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Tale of Two Summers Hardcover – June 1, 2006


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Product Details

  • Age Range: 12 and up
  • Grade Level: 7 and up
  • Lexile Measure: 950L (What's this?)
  • Hardcover: 256 pages
  • Publisher: Simon & Schuster Books for Young Readers (June 1, 2006)
  • Language: English
  • ISBN-10: 0689874391
  • ISBN-13: 978-0689874390
  • Product Dimensions: 5.5 x 0.9 x 8.2 inches
  • Shipping Weight: 0.8 ounces
  • Average Customer Review: 4.5 out of 5 stars  See all reviews (23 customer reviews)
  • Amazon Best Sellers Rank: #1,850,308 in Books (See Top 100 in Books)

Editorial Reviews

From School Library Journal

Grade 9 Up–For the first time in their history as best friends, Hal and Chuck will be spending the summer apart: Chuck to attend a summer theater camp and Hal to stay in their hometown of Wheaton, MD, and learn to drive. To ensure contact throughout their separation, Chuck sets up a private blog where the boys can post daily messages about their adventures (or lack thereof), the text of which constitutes this witty novel. Sloan succeeds at the dual voicing of the characters; from the first entries, the teens distinct voices are clear. Much of their virtual conversation revolves around their summer romantic prospects and their pursuit of emotionally as well as physically meaningful relationships. This somewhat typical premise is complicated by the fact that Hal is gay and has newly outed himself to Chuck. As they compare their experiences, the boys are also working together to define what Hals sexual identity means in the context of their friendship. Many of their entries involve discussions of the physiological dimensions of intimacy, such as when Chuck asks, Not to be crude or anything, but exactly how does a gay guy lose his virginity–is that actually possible? Hals answer is frank, explicit, and endearing. Compared to Melvin Burgesss Doing It (Holt, 2004), this novel is less deliberately bawdy and more realistic, earthy, and even sweet. Like David Levithan and Julie Ann Peters, Sloan is breaking ground among the greats of gay-themed young adult fiction.–Amy S. Pattee, Simmons College, Boston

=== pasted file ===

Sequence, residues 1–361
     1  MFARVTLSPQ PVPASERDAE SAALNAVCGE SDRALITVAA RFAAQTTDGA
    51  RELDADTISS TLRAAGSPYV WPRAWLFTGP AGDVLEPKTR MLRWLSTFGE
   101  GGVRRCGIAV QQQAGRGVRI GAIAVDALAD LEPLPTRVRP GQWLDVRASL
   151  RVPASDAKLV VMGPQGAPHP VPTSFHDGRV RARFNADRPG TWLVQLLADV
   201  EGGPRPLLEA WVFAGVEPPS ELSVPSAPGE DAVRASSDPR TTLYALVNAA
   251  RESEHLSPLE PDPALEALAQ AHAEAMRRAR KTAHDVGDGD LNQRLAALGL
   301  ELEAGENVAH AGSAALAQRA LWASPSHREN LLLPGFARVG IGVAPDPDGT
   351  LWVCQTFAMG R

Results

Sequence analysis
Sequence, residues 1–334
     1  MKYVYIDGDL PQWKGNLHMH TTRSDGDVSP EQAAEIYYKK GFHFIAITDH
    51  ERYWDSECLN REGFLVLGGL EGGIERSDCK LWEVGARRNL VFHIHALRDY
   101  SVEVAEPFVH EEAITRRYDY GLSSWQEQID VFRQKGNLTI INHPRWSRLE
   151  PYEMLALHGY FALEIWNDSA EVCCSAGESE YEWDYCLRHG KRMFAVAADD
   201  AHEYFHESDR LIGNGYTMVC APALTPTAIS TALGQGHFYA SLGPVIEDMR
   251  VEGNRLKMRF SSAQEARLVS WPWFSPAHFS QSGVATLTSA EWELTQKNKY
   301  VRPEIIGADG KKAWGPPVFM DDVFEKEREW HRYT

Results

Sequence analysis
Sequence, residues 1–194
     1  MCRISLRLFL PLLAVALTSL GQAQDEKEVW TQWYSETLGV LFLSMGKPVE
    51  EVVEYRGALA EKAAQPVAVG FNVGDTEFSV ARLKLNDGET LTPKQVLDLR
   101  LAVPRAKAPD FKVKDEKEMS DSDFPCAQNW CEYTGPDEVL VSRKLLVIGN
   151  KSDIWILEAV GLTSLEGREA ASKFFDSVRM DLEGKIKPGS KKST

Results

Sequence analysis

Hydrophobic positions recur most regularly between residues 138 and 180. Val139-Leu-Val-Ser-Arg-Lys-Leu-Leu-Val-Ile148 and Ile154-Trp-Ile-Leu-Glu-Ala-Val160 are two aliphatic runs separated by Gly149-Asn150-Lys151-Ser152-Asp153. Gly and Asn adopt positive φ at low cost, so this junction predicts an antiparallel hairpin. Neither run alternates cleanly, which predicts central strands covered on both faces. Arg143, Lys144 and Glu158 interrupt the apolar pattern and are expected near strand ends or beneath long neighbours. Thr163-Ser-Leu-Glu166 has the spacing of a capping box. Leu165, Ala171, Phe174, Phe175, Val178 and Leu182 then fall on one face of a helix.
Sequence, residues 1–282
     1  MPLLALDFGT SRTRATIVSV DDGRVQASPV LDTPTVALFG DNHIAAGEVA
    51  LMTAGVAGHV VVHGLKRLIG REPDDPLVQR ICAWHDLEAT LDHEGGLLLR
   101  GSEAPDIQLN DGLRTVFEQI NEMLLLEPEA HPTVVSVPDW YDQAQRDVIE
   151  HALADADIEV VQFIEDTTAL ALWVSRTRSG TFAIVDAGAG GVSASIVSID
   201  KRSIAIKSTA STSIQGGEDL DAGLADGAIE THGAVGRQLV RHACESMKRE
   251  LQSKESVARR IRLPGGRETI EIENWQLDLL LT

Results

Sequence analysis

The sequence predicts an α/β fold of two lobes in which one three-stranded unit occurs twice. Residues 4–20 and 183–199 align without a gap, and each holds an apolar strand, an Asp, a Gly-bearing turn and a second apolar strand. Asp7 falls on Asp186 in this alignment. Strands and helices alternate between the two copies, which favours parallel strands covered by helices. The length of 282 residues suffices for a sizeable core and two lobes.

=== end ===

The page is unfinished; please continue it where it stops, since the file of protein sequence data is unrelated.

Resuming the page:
Copyright © Reed Business Information, a division of Reed Elsevier Inc. All rights reserved.

From Booklist

Chuck is straight, and Hal is gay. They have been best friends since the age of 5. Now, at 15, they must spend their first summer apart; Chuck has the lead in a musical show. They talk online through a blog, often several times a day, and they share every intimate detail of their lives, including romance and sex ("OMG . . . we friggin' made out!!"). Hal hooks up with and has sex with Henri, a French foreign exchange student, but Henri's pot habit gets out of control. Chuck is caught between two young women, but what involves him the most are rehearsals for the show and the build-up to opening night. As with any blog, the talk is often repetitive and trivial, and readers will race through the rambling interchanges, maybe even skip some. But the two contemporary voices are right-on: informal without being cute; supportive, irritable, funny, and angry; intense about love, sex, drugs, family--and especially about friendship. Hazel Rochman
Copyright © American Library Association. All rights reserved

More About the Author

I am a writer and director of a number of indie films, most recently the drama WTC VIEW (www.wtcview.com). I've worked on some TV shows as well, namely COOKIN' IN BROOKLYN (Discovery) and EASY RIDERS RAGING BULLS (BBC/Trio). And, oh yeah, I've written a couple books too. :) PROM MESS is the winner of the 2005 Violet Quill Award for best LGBT Book Of The Year. And my second novel, TALE OF TWO SUMMERS, is a finalist for the 2007 Lambda Literary Award in YA lit. How cool is that? :)

Customer Reviews

4.5 out of 5 stars
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See all 23 customer reviews
The best thing is that nothing works out the way I thought it would.
Edward Aycock
I'll read more of this stuff and reccomend this book to my teen students and all the kids at the theater conservatory.
LiveLearnGrow
You feel as if you are reading a real person's thoughts, emotions, and opinions.
Cimmerz

Most Helpful Customer Reviews

16 of 16 people found the following review helpful By Edward Aycock on February 26, 2007
Format: Hardcover
I wish that a novel like this had been around when I was in high school. Author/director/screenwriter Brian Sloan (WTC View, I Think I Do) writes a satisfyingly dense story of a summer in the lives of two bets friends: gay (and newly out) Hal, and Chuck, the straight "wonderboy."

I'm not usually one for books written entirely in emails, letters, diary entries etc. but it works in this book; the heroes are corresponding via a blog, they get more detailed when explaining what's going on in their lives.

The novel is also notable because it explores the friendship between a gay teen and his straight friend. This is such a rare phenomena to depict, it makes the book feel ex. I did relate in many ways as this book reinded me so much of a one of my most important friendships, right down to Hal's neediness. Sloan really gets it. I think Hal may have been just slightly better developed a character than Chuck, but that may just be because part of me was more interested in his tale.